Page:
Acts 3 One day Peter and John were going up to the temple at the time of prayer—at three in the afternoon. 2 Now a man who was lame from birth was being carried to the temple gate called Beautiful, where he was put every day to beg from those going into the temple courts. 3 When he saw Peter and John about to enter, he asked them for money. 4 Peter looked straight at him, as did John. Then Peter said, “Look at us!” 5 So the man gave them his attention, expecting to get something from them.6 Then Peter said, “Silver or gold I do not have, but what I do have I give you. In the name of Jesus Christ of Nazareth, walk.” 7 Taking him by the right hand, he helped him up, and instantly the man’s feet and ankles became strong. 8 He jumped to his feet and began to walk. Then he went with them into the temple courts, walking and jumping, and praising God. 9 When all the people saw him walking and praising God, 10 they recognized him as the same man who used to sit begging at the temple gate called Beautiful, and they were filled with wonder and amazement at what had happened to him.
I would like to point out in this story that literally the disciples by all standards were poor men. Most of them did not have intensive schooling, or any for that matter. If you remember Jesus found a lot of them fishing in their family business. However, these physically poor men had the spiritual power to say, “in the name of Jesus Christ, rise up and walk”. Although they had nothing else to their name, they had the power of God. In Biblical history, there were times when God would allow miraculous wonders in order to bring His children out of rebellion. I often wonder when I look at our world what would happen if God once again unleashed the outpouring of miraculous signs and wonders. Would people be so busy it would simply pass them by? Don’t get me wrong God creates miracles for us everyday, but I am talking about times of Moses, the parting of the red sea; Elijah, the soaked alter that lit with a blaze, and Jesus’ days where the lame walked and the blind could see. During these times men were able to speak a word, and by the power of God made it so. The following is an exert from the commentary on Acts 3. It gives us all something to think about.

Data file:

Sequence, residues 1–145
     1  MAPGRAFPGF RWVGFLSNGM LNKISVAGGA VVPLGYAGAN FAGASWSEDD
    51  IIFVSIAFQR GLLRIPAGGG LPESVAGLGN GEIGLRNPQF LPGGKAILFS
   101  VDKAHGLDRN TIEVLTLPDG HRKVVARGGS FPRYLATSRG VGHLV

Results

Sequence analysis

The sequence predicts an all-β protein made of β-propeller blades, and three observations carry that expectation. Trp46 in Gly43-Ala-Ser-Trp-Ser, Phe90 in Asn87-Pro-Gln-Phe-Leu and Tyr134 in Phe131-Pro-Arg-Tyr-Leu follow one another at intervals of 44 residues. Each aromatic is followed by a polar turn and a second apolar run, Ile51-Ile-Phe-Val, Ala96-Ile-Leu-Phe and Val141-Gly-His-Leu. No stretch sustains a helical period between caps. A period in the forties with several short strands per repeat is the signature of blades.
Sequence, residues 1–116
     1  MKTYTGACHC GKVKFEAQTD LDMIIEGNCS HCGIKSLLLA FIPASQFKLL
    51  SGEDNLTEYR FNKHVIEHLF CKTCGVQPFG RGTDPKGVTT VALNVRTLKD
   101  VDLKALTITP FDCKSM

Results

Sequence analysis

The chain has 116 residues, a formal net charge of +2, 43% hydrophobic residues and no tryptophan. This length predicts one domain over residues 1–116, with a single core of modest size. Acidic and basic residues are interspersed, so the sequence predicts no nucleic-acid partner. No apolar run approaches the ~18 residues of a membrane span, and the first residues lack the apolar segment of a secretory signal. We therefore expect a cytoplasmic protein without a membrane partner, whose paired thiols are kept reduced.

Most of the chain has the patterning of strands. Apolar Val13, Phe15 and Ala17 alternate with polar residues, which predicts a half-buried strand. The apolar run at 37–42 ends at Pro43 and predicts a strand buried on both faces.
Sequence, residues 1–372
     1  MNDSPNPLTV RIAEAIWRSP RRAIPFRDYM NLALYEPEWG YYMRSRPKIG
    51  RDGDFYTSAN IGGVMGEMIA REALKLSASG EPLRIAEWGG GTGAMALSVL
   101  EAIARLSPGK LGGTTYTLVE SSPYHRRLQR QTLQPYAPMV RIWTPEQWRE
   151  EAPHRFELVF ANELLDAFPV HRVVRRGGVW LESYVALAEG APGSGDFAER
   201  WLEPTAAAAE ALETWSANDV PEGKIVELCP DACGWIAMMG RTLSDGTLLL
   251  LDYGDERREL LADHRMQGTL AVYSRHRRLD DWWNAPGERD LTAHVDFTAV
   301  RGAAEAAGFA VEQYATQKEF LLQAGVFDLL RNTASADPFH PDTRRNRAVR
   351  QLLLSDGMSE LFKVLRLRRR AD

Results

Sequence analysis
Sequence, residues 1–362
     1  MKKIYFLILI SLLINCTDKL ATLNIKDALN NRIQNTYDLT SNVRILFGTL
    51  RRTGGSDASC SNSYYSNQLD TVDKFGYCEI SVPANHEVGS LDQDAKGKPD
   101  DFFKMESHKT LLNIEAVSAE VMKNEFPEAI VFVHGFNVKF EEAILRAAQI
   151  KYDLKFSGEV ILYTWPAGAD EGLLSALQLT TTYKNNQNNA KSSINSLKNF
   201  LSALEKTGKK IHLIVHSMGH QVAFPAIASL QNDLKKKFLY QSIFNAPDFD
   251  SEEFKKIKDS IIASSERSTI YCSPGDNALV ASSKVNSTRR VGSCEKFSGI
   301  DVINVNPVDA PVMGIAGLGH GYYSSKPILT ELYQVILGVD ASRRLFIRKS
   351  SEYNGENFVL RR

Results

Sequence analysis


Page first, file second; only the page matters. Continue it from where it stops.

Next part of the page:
“Though the early church had poured out its gifts abundantly, Peter had not enriched himself, and was a poor man (Ac 2:45), presenting a great contrast to the popes who claim to be his successors. It is related that Thomas Aquinas came to Rome and visited Innocent IV. He looked somewhat amazedly upon the mass of plate and treasure, which he saw there. "So", said the pope, "you see, Thomas, we cannot say as did St. Peter of old, 'Silver and gold have I none.'" "No", said Aquinas, "neither can you command, as did he, the lame man to arise and walk".
Although we may not be able to perform miracles today humanly, we have a message that can transform lives, and save souls. It is our responsibility just as Peter did to “truly see” those people around us, and help them by what means we have.